CAN AN ACCOUNTANT PREDICT your success in real estate? We can come close, says John Knight, who has studied the business management practices of top agents over a number of years.
WHEN WE launched our business late last year our team of accountants looked to stretch the boundaries. We wanted to move out of our comfort zone and take a giant leap towards reaching our potential.
We acknowledged that we needed to look different from our competitors, run faster than our competitors and deliver something the market had yet to see. That is also true for real estate agents just getting started in their careers, or those needing a bit of kick along.
With more than 20 years as an accountant and more than half of that period advising the real estate industry, I often do a test with myself to see whether, at the first meeting, I can guess if an agent will go the distance and rise to the super league of success.
What is that je ne sais quoi of a good sales agent, property manager or business owner that separates them from the pack? Interestingly, the traits of successful individuals within the real estate industry are no different to those of a successful business in the industry. Everyone is a business, so think like one now.
What are the proven essentials that transpose nicely across a successful real estate business to a successful sales agent or property manager?
They start with taking a long-term view. Even if you have fallen into the industry for one reason or another, as an individual you need to invest in your systems, processes and procedures right from the start in exactly the same way a business would. You are the business, so from technology systems to back office processes, procedures need to be in place to ensure everything is systemised with one consistent way of doing things.
You should also have rhythm – not just the ‘Red Foo’ kind, but the daily, weekly, monthly, quarterly, annual rhythm of self-monitoring. Monitoring and managing activity on a regular, consistent basis is critical, because your budget is built from the ground up based on these activities.
Once systems are in place there are the more ethereal prerequisites, like starting with ‘your eyes open wide’. Businesses and individuals who have their eyes wide open see problems before they arise and opportunities before everyone else around them.
Get leverage by using others: in an industry where how much you earn is only limited by the number of hours in the day, great businesses and successful individuals get leverage by utilising others to complement their own skills, or introducing technology to make the most of their time.
Great agents have a mentor and are often one themselves too, whether they know it or not. If there are those who look up to you, then use those skills to coach and develop talent and provide focus, direction and guidance. This in turn can revitalise your own enthusiasm and remind you that you can always do better. Being a mentor and using a mentor is win-win. Those who are getting coaching are curious, hungry and humble. Those who don’t can languish and ramble rather than progress.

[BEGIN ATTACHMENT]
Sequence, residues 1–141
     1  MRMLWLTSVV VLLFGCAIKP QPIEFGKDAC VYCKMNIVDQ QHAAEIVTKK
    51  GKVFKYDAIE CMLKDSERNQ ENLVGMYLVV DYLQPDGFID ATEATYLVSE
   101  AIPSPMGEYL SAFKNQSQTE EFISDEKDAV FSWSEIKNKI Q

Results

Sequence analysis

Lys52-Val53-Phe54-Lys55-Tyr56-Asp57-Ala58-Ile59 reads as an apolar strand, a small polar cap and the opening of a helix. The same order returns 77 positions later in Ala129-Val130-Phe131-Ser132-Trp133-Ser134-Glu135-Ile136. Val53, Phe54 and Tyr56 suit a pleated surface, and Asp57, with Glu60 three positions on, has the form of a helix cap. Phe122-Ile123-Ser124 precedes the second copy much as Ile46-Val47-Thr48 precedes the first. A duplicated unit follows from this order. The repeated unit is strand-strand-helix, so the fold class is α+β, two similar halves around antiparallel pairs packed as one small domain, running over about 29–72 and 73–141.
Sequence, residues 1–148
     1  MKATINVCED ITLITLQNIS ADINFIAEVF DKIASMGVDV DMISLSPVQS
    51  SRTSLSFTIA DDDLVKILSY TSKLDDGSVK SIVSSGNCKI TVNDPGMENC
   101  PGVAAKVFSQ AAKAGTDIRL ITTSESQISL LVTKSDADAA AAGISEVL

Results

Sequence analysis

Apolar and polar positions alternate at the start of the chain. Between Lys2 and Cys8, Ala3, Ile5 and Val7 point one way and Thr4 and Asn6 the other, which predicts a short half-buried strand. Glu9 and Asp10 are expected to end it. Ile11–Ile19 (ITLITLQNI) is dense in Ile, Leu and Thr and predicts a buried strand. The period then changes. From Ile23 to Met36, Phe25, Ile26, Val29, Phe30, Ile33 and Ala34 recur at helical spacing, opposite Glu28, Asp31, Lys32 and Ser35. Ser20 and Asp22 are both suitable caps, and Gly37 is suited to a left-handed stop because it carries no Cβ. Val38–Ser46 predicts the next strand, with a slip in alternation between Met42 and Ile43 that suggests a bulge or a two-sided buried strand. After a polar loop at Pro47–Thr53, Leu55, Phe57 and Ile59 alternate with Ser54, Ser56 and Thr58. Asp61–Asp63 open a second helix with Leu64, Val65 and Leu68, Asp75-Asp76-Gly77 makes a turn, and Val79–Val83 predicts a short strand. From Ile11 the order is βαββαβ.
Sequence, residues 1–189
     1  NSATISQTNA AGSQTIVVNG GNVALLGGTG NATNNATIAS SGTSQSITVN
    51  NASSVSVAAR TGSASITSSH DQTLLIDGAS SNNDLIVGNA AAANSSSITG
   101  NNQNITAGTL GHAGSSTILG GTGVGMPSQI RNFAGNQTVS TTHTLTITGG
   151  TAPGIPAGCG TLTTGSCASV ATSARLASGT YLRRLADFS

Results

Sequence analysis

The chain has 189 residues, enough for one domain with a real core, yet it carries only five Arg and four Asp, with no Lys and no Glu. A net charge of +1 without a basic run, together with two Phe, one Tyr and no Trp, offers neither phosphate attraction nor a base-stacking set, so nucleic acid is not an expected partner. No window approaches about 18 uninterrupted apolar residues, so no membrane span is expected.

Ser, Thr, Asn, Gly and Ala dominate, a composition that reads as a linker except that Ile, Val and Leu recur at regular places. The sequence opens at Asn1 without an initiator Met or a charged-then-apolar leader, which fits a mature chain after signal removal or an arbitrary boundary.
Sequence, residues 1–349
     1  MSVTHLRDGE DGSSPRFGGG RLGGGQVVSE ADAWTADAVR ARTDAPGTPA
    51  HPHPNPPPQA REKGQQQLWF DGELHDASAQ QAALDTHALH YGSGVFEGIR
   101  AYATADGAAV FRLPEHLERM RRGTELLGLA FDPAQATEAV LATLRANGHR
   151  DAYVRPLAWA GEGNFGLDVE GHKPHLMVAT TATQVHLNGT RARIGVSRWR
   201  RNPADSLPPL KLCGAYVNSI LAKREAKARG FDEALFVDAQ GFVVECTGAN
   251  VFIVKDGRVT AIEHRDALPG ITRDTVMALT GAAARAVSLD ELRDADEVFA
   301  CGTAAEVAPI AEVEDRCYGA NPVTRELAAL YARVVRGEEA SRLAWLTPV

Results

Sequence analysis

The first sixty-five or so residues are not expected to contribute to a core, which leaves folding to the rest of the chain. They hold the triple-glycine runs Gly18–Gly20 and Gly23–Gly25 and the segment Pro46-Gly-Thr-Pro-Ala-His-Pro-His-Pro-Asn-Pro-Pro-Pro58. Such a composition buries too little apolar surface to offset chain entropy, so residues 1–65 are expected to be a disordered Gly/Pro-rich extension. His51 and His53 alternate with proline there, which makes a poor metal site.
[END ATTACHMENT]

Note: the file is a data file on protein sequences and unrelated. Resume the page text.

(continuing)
Another vital tip comes from our pre-school books, much like the Grasshopper and the Ants: provide for rainy days. Successful businesses and individuals never presume it will always be rosy. They provide for the rainy days by putting cash aside, or at least leaving some room to move within your life and finances.
Waste infuriates me; it infuriates top shelf real estate agents too. Waste in real estate businesses can come in so many forms, from the marketing collateral that is out of date to those landlords who will not spend money on repairs, or vendors with unrealistic price expectations.
Although many will not agree, one sure sign of a great real estate business is the recovery of advertising from vendors upfront – likewise for individuals within the industry. I’ve seen it transform businesses and individuals from mediocre to great.
Another sure-fire way for success is to know clearly your own strengths and weaknesses. This way, like a business, you can take advantage of the opportunities and eliminate the threats. Your SWOT analysis (strengths, weaknesses, opportunities and threats) is your friend: use it to strive for success.
If your strengths are the same as everyone else’s, find a new point of differentiation. Be different, be remarkable, be remembered. If you are not yet reaching your potential, irrespective of whether you are a sales agent, property manager or principal, focus on profit, not just sales, and you will go a long way to improving your headspace for success.